Graffiti based over an explosion of color, Garcia’s skills have helped him develop a knack for motion. Working on large-scale pieces, solely because he felt limited by smaller canvases, Garcia created five-foot-tall images of Javier “Chicharito” Hernandez, Ronaldo “Ronaldinho” de Assis Moreira and Lionel Messi—some of the greatest in the game.

As a student at the American Academy of Art, Garcia took a chance on himself and his love for fútbol and tried out for the Chicago Storm, a team in the Ultimate Soccer League.

“I made the cut and it was during finals weeks at the academy and that was tricky,” he says. “My art took a little damage in terms of not spending enough time on it.”

Choosing between his love for art and his love for soccer may have resulted in a sign that he should stick to art.  The Storm didn’t return to the league the following year.

During late nights, it’s common to find Garcia mixing music, painting or writing, gathering focus in a whirlwind of motivating stimulation. Lights on, a movie on the muted television, classical music playing in the kitchen and up-beat music playing in the living room is a consistent atmosphere for his creations.

Working on his own pieces, the After School Matters instructor also works on pieces for class, developing a curriculum and method of teaching best for either his high school or elementary school students.

For Garcia, being an artist is a lifestyle full of passion and life. Whether he is acting as DJ, painter, writer or futbolista, he surrounds himself with creative energy and art.

“An artist should experiment with all types of mediums. I always keep myself really busy,” he says. “I’m an artist. Art is life, that’s the simplest explanation I can give.”

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[Chicago Artists] The Educator: Naco

June 4, 2013 1 comment

I take a lot of influence from a lot of artists around this neighborhood and Little Village. I’m always getting new inspiration from people.
— Ricardo “Naco” González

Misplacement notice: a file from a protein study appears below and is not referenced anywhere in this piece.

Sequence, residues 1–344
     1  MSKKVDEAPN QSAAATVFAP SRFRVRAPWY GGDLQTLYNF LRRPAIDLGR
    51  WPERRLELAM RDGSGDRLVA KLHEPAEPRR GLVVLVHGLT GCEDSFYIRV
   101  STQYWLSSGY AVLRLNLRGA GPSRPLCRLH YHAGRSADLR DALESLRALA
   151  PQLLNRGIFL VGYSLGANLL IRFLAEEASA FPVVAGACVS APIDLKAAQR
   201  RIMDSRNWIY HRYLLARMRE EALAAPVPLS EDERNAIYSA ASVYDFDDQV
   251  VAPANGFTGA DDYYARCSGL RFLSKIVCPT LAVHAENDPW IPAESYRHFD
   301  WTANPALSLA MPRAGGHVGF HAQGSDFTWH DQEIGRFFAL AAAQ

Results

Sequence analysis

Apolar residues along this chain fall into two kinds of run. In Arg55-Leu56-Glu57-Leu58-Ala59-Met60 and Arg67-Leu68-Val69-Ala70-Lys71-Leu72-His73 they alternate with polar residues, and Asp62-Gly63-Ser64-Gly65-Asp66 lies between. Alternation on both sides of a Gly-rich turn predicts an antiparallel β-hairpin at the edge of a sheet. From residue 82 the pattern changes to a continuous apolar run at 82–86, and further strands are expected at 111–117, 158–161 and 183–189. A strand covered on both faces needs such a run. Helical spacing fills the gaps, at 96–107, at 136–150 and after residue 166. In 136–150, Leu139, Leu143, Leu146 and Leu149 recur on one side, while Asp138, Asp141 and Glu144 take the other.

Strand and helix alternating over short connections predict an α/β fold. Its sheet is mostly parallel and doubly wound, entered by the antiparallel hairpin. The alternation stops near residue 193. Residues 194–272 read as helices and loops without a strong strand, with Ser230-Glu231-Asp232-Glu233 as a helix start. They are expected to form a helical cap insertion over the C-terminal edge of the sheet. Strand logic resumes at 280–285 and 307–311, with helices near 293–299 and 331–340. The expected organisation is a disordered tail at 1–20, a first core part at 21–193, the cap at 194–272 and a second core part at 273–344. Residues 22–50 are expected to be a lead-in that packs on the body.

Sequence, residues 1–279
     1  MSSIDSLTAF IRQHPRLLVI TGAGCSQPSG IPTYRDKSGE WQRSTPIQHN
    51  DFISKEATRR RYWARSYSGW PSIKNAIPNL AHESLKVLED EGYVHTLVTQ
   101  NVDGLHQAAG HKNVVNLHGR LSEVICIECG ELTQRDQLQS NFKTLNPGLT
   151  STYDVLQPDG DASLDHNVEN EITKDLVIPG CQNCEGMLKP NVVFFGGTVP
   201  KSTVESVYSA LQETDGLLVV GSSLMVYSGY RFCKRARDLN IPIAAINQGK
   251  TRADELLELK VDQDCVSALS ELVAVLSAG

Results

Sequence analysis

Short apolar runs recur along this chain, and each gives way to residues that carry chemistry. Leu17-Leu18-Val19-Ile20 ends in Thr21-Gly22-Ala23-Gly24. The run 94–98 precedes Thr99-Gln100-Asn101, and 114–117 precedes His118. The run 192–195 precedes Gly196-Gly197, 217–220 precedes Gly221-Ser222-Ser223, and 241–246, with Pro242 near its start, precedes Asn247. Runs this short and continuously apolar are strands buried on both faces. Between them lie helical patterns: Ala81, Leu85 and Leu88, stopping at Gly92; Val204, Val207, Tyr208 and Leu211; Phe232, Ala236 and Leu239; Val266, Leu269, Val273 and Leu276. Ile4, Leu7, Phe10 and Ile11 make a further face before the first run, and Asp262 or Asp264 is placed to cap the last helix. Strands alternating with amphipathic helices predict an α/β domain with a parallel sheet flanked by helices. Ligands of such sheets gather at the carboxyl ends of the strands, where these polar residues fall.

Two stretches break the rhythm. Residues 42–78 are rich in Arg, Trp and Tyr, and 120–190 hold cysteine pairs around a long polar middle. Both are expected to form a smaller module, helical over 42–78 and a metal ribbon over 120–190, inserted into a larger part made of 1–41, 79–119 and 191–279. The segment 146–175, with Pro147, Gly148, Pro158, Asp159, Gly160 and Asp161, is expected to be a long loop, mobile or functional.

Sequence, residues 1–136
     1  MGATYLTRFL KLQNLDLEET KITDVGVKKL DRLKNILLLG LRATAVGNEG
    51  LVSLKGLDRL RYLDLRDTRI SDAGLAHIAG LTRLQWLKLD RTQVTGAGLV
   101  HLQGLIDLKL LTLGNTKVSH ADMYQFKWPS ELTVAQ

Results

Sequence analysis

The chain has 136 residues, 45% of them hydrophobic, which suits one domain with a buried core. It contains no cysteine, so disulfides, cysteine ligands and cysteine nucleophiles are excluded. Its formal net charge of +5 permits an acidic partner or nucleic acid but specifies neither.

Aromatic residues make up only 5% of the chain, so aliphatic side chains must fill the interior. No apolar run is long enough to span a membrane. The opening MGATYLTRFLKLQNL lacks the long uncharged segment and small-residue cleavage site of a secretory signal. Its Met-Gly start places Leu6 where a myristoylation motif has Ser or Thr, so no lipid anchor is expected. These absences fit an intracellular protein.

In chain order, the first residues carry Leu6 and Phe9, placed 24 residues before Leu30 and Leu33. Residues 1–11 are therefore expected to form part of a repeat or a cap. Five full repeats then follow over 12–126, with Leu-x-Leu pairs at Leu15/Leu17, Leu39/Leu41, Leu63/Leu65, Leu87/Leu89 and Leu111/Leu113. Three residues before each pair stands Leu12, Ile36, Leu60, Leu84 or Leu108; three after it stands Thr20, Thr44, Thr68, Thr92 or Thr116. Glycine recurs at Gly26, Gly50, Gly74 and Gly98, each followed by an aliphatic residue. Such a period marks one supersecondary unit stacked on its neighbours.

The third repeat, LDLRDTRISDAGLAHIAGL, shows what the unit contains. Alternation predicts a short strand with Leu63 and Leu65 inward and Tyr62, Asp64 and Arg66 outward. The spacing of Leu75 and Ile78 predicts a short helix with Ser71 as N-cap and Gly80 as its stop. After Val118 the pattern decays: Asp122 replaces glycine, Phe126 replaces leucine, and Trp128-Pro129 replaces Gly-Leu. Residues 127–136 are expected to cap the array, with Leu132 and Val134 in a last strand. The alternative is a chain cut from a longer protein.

Wearing a blue-grayish hooded sweatshirt, Ricardo González’s nose was red from the cold. He stood next to his table of pieces of artwork as people walked by, glancing and admiring the work.

“Are you the one that puts up those pieces on 26th street?” one woman asked.

The people who walked through Mole de Mayo on an unusually cold day in May in Pilsen already knew González for his work without knowing who he was. Among the various pieces wheat pasted to the exposed brick in Little Village and Pilsen neighborhoods were giant paletas, cupcakes, a Ninja Turtle and ice cream cones all signed by the artist “Naco.” Clones of the pieces made by hand are put up every few weeks, whenever the weather gets nice enough to walk around the neighborhood.

However, that’s somewhat typical of González’s character. He’s the guy that is always there, commenting on art, talking to artists, smiling and being a lively, positive figure to be around. Then the question comes: “So, what do you do?”

People have met him not knowing that he is the one brushing glue onto cupcakes in the middle of sunny afternoons, the same ones they admire on their daily route to work.

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González, a native of suburban Blue Island, didn’t start as a wheat paster. In fact, his wheat pasting work was inspired by another street artist who goes by the name of Jay Jasso. No, instead González carries the capacity and desire for murals; telling stories, educating a community through art and making an impact. Small acrylic pieces, like those sold at street festivals, are only a small sample of the large-scale pieces this artist has exhibited throughout Chicago’s South Side.